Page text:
Minimum variance for sum of three random variables

#1
Hi all,

I have been working on the following problem:

Given you have VarX = 1, VarY = 4, and VarZ = 25, what is the minimum possible variance for the random variable W = X + Y + Z, or min Var(X+Y+Z)?

My first thought is to complete the variance-covariance expansion as follows:
Var(X + Y + Z) = VarX + VarY + VarZ +2[Cov(X,Y) + Cov(Y,Z) + Cov(X,Z)]

Then to use the Cauchy-Schwarz inequality to determine the minimum covariance for each of the covariance terms (i.e. |Cov(X,Y)| <= sqrt(VarXVarY) ). However, I am obtaining a negative potential minimum, which leads me to think that the lower bound could be zero?

Var(X+Y+Z) = 1 + 4 + 25 + 2[-2 - 5 - 10] = 30 - 34 ???

The other thought is that using Cauchy-Schwarz in this way is not correct and my approach is wrong.

My next thought is to consider the expansion as Var[(X+Y), Z], but was not sure how to proceed by considering the sum of 2 variables (X+Y) and Z.

Any thoughts on how to proceed are appreciated.
 

BGM

TS Contributor
#2
Actually this is a very good question.

http://en.wikipedia.org/wiki/Covariance_matrix#Properties

In order a square matrix to be a valid variance covariance matrix, it has to be positive-semidefinite and symmetric. The symmetric property is automatically satisfied if we let the covariance matrix [math] \Sigma [/math] of the random vector

[math] \begin{bmatrix} X \\ Y \\ Z \end{bmatrix} [/math]

in the form of

[math] \Sigma = \begin{bmatrix} 1 & \sigma_{XY} & \sigma_{XZ} \\
\sigma_{XY} & 4 & \sigma_{YZ} \\ \sigma_{XZ} & \sigma_{YZ} & 25 \end{bmatrix} [/math]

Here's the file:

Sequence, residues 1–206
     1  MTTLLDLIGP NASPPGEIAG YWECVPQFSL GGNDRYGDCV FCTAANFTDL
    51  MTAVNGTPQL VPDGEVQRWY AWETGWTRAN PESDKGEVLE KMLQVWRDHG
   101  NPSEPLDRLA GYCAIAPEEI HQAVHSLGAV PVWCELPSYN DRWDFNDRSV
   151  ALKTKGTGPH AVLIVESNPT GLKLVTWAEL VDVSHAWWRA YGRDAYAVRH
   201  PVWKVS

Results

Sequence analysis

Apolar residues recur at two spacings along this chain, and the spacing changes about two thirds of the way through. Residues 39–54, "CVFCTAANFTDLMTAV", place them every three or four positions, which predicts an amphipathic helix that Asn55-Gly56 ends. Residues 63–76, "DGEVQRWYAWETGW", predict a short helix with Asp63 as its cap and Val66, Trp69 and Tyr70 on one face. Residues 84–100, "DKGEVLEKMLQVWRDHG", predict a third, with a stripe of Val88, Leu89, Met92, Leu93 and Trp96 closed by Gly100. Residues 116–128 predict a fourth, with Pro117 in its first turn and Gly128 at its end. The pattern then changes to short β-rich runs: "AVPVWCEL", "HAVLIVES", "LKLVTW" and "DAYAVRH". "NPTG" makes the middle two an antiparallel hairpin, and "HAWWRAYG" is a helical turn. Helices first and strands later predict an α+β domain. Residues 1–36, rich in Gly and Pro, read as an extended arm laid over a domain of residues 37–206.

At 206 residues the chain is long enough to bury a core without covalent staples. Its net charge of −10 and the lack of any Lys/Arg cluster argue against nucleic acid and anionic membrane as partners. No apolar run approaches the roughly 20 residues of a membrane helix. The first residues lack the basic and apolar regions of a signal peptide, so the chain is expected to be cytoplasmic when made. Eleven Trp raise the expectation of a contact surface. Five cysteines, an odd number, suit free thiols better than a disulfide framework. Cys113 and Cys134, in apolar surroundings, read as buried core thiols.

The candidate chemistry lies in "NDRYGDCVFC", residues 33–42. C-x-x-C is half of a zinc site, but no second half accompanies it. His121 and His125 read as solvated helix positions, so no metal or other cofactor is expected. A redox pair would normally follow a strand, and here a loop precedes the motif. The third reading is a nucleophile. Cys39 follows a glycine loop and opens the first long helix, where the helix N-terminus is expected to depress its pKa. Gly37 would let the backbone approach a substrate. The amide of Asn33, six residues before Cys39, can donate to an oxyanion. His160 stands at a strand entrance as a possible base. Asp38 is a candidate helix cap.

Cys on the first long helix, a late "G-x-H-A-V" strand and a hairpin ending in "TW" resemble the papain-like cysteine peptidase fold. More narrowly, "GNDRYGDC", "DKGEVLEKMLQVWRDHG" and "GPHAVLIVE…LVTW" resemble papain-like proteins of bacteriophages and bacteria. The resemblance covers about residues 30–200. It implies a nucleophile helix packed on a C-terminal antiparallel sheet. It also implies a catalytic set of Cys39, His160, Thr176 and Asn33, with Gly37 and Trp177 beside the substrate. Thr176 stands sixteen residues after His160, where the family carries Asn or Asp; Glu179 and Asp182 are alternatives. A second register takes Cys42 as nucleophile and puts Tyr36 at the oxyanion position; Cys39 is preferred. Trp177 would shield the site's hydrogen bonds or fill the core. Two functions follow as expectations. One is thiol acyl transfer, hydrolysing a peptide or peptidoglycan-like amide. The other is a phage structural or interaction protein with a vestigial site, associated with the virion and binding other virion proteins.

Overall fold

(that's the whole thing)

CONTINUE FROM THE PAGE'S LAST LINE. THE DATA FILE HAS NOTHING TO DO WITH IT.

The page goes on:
To check the positive-semidefinite, you may apply Sylvester Criterion:

http://en.wikipedia.org/wiki/Sylvester's_criterion

which leads to the following two inequality:

[math] \sigma_{XY}^2 - 4 \geq 0 [/math]

[math] 100 + 2\sigma_{XY}\sigma_{XZ}\sigma_{YZ} - 25\sigma_{XY}^2 - 4\sigma_{XZ}^2 - \sigma_{YZ}^2 \geq 0 [/math]

So any covariances satisfy the above two inequalities will be valid. The remaining optimization can be done by KKT multiplier, see

http://en.wikipedia.org/wiki/Karush–Kuhn–Tucker_conditions



P.S. One additional thing you may check before trying the above method: any random variable has a zero variance if and only if it is a constant. Therefore, you may try to assume [math] X + Y + Z = c [/math]. Then by moving one of them to the RHS, say

[math] Y + Z = c - X [/math]

Now you try to check if it is possible to have the variance of LHS equal to the variance of RHS. If not, you know that zero variance is not attainable by contrapositive.
 
#3
Thank you! I figured that I had to take into consideration restrictions on the variance covariance matrix which cannot be addressed through the application of the Cauchy-Schwarz inequality in the case of more than 2 random variables.